Author profile: James Wakefield

James Wakefield teaches political theory and intellectual history at Cardiff University and Swansea University. He is the author of Giovanni Gentile and the State of Contemporary Constructivism and co-editor, with Bruce Haddock, of Thought Thinking: The Philosophy of Giovanni Gentile. His research interests are in political and moral theory, and include the ethics of education, liberal perfectionism and the role of the emotions in reasoning.

Review – Distributive Justice Debates in Political and Social Thought

Review – Distributive Justice Debates in Political and Social Thought

While Boisen and Murray do not quite meet the aims they set themselves, their edited volume is a worthy and frequently suggestive contribution to modern political theory.

Review – Liberal Realism: a Realist Theory of Liberal Politics

Review – Liberal Realism: a Realist Theory of Liberal Politics

An engaging, perceptive and well-judged contribution which will give even those who disagree with the realist critique a reason to reflect on their own principles.

Student Book Features: Anarchist Political Theory

Student Book Features: Anarchist Political Theory

The arguments against politics and for anarchy presented in these two recently re-issued books are problematic. Nonetheless they cannot be dismissed out of hand.

Review – Modernism and Totalitarianism

Review – Modernism and Totalitarianism

Shorten’s case for considering totalitarianism a modern phenomenon is scholarly in the best sense, providing an insightful overview of the evidence and drawing a qualified conclusion.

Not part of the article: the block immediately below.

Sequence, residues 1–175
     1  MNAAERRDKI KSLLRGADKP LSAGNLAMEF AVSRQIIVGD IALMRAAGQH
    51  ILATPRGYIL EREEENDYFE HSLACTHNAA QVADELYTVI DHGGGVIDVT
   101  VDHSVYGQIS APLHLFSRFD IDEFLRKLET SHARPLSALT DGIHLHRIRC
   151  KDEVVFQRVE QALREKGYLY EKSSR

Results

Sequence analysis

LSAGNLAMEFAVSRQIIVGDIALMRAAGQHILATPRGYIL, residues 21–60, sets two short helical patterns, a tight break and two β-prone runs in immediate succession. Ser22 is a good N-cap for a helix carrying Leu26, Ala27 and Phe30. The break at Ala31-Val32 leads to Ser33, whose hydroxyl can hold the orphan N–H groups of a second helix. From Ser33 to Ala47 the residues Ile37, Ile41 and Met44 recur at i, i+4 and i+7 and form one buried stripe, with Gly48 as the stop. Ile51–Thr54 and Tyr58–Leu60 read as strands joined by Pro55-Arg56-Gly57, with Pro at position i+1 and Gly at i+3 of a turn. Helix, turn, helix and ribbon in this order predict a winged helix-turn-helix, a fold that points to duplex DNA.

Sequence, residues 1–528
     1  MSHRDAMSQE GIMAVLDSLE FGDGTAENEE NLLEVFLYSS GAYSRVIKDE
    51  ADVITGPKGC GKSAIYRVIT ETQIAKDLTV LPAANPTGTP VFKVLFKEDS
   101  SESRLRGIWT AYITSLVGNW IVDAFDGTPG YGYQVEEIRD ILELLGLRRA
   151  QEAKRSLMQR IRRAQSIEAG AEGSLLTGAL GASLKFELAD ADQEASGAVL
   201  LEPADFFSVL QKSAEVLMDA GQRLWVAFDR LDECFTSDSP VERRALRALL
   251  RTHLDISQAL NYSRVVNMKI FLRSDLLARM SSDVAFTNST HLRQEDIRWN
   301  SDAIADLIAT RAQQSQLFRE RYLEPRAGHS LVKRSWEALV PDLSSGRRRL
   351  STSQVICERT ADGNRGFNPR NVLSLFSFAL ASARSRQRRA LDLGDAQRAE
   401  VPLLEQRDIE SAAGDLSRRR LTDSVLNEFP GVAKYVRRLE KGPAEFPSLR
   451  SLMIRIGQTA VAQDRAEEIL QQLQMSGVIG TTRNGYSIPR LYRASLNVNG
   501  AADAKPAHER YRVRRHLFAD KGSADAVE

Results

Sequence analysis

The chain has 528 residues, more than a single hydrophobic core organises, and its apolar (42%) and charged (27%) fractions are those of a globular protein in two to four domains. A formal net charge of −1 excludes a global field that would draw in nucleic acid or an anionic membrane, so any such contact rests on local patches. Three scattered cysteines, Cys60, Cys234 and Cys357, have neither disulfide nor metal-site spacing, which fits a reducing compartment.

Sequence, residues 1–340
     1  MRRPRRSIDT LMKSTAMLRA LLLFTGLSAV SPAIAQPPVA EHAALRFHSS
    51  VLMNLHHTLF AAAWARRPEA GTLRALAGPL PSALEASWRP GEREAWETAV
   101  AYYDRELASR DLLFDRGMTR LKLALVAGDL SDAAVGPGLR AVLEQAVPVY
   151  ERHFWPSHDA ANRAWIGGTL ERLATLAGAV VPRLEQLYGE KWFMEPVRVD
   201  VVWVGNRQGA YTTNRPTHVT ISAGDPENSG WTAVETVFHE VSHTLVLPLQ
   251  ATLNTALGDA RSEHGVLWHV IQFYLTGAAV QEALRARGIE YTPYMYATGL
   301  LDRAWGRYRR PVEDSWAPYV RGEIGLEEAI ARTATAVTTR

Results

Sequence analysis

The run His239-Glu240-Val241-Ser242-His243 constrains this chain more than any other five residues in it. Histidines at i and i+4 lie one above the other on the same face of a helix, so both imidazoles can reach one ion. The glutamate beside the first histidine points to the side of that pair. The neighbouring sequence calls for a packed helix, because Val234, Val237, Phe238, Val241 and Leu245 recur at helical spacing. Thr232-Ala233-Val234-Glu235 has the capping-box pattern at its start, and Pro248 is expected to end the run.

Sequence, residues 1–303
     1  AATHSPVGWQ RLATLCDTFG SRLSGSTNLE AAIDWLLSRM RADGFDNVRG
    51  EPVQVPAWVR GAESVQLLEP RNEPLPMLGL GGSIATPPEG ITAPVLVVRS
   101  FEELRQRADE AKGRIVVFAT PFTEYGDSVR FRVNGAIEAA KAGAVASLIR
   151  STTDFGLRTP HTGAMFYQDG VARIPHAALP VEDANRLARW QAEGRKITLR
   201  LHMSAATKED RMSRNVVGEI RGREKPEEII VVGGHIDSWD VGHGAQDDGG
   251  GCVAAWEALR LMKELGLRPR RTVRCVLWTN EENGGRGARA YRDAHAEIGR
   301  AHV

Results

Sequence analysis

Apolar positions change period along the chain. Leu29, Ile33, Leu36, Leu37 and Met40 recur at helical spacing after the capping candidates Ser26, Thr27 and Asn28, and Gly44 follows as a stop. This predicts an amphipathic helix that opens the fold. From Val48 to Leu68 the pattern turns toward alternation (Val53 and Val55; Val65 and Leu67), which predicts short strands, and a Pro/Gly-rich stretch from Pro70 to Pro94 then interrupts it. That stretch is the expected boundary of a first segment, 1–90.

Review – Constructivism in Practical Philosophy

Review – Constructivism in Practical Philosophy

In political theory, constructivism is probably best known from the work of John Rawls. The twelve essays included in Lenman and Shemmer’s new book show how far this provocative doctrine has been developed in recent years.

Review – Conscience: A Very Short Introduction

Review – Conscience: A Very Short Introduction

Paul Strohm’s ‘Conscience’ is at once an accessible, thought-provoking and often entertaining introduction to a controversial topic – a tour from the historic origins of the term right through to the present day.

Review – Beyond Consequentialism

Review – Beyond Consequentialism

Consequentialism is at once a provocative and problematic moral doctrine. Paul Hurley exposes the confusions and equivocations in its foundational assumptions.

Review – Foundations of Freedom

Review – Foundations of Freedom

Simon R. Clarke suggests that whatever our present convictions about the value of freedom, we have good reason to keep debating its uses and abuses. For that, this book deserves high praise.

Student Book Features: Four Ways into Political Philosophy

Student Book Features: Four Ways into Political Philosophy

Buying a good textbook to help navigate any subject is essential. Each of the texts discussed here brings students to the discipline via a different route.

Review – The Philosophy of Sociality

Review – The Philosophy of Sociality

Raimo Tuomela explicates the concept of “us” and what it means to act as group. What Tuomela does in this book is to examine an old idea and reveal what we understood by it all along.

Student Book Features: Two Global Politics Textbooks

Student Book Features: Two Global Politics Textbooks

Global political studies is a multi-faceted discipline encompassing IR, foreign policy, and domestic policy. To new students, it can be bewildering.

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